- The Washington Times - Monday, October 31, 2016

As FBI agents race to sort through the latest trove of emails related to the probe of Hillary Clinton’s private email server ahead of Election Day, another investigation involving the bureau’s director is brewing.

After Director James B. Comey on Friday disclosed the FBI’s renewed investigation to Congress, a former White House ethics lawyer said he has filed a complaint about the director’s actions with the U.S. office of special counsel and asked officials to look into whether Mr. Comey violated a federal law that prevents government employees from engaging in partisan political activity.

Richard Painter, who served as chief ethics lawyer in the Bush administration from 2005 to 2007 and is supporting Mrs. Clinton, wrote in an op-ed published in The New York Times that he believes Mr. Comey violated a provision of the Hatch Act that bans federal employees from using their official positions to influence elections.

A spokesman for the U.S. office of special counsel said the office does not confirm or deny whether matters are under investigation.

But if the office opens an investigation and finds Mr. Comey violated the law, his fate would rest with either President Obama or whomever is elected Nov. 8 to succeed him. The scenario leaves open the odd possibility that Mrs. Clinton could be left to decide whether Mr. Comey’s actions deserve punishment, and if so to determine how severe the penalty.

Mr. Comey on Friday wrote to members of Congress to inform them that the FBI would reopen the Clinton server probe after newly discovered emails “appear pertinent to the investigation.” In addition to Mr. Painter, Senate Minority Leader Harry Reid, Nevada Democrat, also raised concern that Mr. Comey’s actions violated the Hatch Act.

SEE ALSO: White House calls FBI Director Comey ‘a man of integrity’

Kathleen Clark, an analyst on government ethics and a law professor at Washington University, said the accusations seem worth investigating.

“I thought his letter was an overshare. Looking at it on its face, it wasn’t obvious to me that this could be a Hatch Act violation,” Ms. Clark said. But then she read the memo Mr. Comey sent to FBI employees, in which he wrote that he felt an obligation to act so as not to mislead the public.

“That statement is written 11 days before a national election and he’s expressing concern because he thought he would be misleading the American people. That suggests to me that he wanted to influence the American people,” Ms. Clark said. “He did not have any legal or ethical obligation to write that letter.”

The Hatch Act was adopted in 1939 to keep federal employees from directly supporting candidates. Recent cases investigated by the office of special counsel include federal employees who have solicited donations for political campaigns while on the job or displayed signs — in one case a bobblehead doll of Hillary Clinton — showing support of candidates in the workplace.

While not a criminal statute, Hatch Act violations can result in penalties ranging from a reprimand to a fine of up to $1,000 to termination.

A U.S. Postal Service letter carrier who was found to have violated the act this year by displaying a congressional candidate’s campaign sign in a delivery truck while he delivered mail ultimately was suspended without pay for five days, according to an office of special counsel report from July.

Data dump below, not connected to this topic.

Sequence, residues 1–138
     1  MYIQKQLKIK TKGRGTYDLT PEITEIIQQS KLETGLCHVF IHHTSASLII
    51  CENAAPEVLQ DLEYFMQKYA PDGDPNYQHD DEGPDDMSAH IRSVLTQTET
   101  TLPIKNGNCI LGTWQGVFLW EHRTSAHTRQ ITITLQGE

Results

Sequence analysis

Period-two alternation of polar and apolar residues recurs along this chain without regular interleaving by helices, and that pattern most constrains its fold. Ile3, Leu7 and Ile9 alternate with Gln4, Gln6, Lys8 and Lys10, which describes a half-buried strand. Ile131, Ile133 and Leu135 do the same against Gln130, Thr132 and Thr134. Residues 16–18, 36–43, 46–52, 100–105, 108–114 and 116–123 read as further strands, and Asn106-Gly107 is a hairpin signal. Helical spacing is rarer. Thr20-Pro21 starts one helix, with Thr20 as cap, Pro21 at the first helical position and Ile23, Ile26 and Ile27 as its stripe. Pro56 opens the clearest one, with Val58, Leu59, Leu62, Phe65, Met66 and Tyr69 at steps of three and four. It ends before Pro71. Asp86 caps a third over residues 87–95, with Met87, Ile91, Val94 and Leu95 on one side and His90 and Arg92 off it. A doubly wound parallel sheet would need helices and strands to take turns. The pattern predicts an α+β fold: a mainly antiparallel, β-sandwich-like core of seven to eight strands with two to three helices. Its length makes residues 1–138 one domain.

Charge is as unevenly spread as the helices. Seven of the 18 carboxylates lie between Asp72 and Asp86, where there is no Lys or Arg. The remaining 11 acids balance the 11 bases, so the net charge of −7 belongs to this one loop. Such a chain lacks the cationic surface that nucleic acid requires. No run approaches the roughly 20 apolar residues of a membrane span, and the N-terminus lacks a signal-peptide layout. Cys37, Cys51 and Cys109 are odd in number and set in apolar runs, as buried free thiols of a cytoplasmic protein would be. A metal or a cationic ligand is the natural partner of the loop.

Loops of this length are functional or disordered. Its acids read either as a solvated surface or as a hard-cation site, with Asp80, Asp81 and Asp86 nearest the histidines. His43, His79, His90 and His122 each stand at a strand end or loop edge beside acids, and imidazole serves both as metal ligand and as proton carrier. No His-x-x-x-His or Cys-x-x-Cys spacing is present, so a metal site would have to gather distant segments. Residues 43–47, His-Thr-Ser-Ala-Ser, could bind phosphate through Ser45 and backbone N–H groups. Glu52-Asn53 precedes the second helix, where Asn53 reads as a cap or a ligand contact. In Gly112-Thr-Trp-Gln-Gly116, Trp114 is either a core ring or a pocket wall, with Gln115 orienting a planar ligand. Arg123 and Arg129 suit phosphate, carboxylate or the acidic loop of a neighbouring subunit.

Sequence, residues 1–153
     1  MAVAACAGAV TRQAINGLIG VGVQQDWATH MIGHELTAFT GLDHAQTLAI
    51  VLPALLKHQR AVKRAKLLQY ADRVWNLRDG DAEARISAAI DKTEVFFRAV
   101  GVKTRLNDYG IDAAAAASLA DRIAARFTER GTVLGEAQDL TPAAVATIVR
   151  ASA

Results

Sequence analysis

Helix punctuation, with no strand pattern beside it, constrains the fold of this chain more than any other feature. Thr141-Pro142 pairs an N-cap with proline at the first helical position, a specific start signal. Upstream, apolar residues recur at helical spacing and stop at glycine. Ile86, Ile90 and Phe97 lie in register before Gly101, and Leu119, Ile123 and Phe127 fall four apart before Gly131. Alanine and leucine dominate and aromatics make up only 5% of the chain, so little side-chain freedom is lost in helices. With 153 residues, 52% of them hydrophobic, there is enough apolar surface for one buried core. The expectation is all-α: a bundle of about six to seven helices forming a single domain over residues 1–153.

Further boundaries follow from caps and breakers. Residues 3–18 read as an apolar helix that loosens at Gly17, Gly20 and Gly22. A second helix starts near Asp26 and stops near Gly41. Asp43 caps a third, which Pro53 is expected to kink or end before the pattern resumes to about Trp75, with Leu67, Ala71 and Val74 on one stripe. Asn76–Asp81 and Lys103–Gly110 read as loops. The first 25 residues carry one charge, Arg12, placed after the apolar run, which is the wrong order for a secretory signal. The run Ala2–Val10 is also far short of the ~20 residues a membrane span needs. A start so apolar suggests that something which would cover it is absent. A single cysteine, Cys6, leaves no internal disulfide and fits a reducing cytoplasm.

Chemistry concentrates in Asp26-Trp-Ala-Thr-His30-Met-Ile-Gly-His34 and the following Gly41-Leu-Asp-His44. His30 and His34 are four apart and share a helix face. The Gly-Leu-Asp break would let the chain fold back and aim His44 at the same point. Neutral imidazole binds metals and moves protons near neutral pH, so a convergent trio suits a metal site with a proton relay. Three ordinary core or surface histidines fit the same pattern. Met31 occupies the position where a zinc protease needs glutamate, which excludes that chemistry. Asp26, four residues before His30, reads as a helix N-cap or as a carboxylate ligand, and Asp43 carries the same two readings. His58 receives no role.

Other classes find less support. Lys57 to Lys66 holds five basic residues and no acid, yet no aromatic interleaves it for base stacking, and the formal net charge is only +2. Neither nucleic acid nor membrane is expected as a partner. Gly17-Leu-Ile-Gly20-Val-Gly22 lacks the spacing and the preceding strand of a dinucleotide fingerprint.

In cases in which a Hatch Act violator is an appointee of the president, the office of special counsel sends a report on its findings to the president, who will make the determination on any penalties.

The most recent case in which a presidential appointee was investigated involved Housing and Urban Development Secretary Julian Castro. The office of special counsel concluded that Mr. Castro violated the federal law when he praised Mrs. Clinton in a news interview in April at his office. Following a three-month investigation, the White House announced that President Obama would not discipline Mr. Castro.

The White House on Monday declined to be drawn into speculation over whether the FBI director, appointed by Mr. Obama in 2013, may have violated the Hatch Act.

“I’ll neither defend nor criticize what Director Comey has decided to communicate to the public about this investigation,” said White House press secretary Josh Earnest. “The president doesn’t believe he’s secretly strategizing to benefit one candidate or political party. He’s in a tough spot.”

The FBI has declined to comment further on the review of the additional emails, which were recovered as part of a separate investigation of accusations that former Rep. Anthony D. Weiner sent illicit messages through text and social media applications to a 15-year-old North Carolina girl.

Mr. Weiner is the estranged husband of Huma Abedin, a top personal aide to Mrs. Clinton, and officials have received a warrant authorizing collection of emails related to the Clinton investigation that were found on a device in his possession.

The FBI has given no timetable for how long the review of the emails might take as investigators work to determine whether any classified information was part of the latest batch of correspondence that was uncovered.

In a letter sent Monday to senators who requested additional information about the FBI probe, Assistant Attorney General for Legislative Affairs Peter Kadzik wrote that the Justice Department is working closely with the FBI and dedicating the appropriate resources to “take appropriate steps as expeditiously as possible.”

• Andrea Noble can be reached at anoble@washingtontimes.com.

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